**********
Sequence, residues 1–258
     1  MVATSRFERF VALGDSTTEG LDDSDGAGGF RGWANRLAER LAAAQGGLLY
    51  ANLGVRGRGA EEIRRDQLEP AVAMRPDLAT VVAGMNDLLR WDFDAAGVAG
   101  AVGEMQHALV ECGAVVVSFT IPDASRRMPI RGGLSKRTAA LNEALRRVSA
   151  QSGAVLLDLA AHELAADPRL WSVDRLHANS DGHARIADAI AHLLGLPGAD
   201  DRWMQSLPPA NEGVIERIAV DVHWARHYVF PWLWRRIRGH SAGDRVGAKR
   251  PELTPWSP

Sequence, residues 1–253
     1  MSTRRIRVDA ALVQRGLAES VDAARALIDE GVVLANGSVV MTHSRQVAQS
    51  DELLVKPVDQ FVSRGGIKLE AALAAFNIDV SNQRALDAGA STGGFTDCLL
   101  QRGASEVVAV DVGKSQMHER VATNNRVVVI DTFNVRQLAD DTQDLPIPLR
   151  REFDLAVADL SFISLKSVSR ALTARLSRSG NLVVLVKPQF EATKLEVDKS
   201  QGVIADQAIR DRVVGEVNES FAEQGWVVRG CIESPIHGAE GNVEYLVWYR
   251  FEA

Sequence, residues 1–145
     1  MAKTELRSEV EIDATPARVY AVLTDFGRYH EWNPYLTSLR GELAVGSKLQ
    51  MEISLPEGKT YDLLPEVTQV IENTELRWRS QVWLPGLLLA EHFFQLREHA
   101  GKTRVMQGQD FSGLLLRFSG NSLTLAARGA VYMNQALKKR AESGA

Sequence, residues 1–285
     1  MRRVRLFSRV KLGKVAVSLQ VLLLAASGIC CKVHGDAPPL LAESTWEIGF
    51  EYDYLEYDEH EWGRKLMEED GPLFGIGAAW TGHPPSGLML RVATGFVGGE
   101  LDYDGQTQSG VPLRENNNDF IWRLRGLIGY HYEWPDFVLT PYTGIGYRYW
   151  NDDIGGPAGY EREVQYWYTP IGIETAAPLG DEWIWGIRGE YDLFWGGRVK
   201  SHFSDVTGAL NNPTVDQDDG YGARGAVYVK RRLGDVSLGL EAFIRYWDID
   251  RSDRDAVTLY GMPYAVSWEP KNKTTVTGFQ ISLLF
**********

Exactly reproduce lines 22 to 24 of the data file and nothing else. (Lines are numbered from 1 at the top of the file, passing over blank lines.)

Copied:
   101  LDYDGQTQSG VPLRENNNDF IWRLRGLIGY HYEWPDFVLT PYTGIGYRYW
   151  NDDIGGPAGY EREVQYWYTP IGIETAAPLG DEWIWGIRGE YDLFWGGRVK
   201  SHFSDVTGAL NNPTVDQDDG YGARGAVYVK RRLGDVSLGL EAFIRYWDID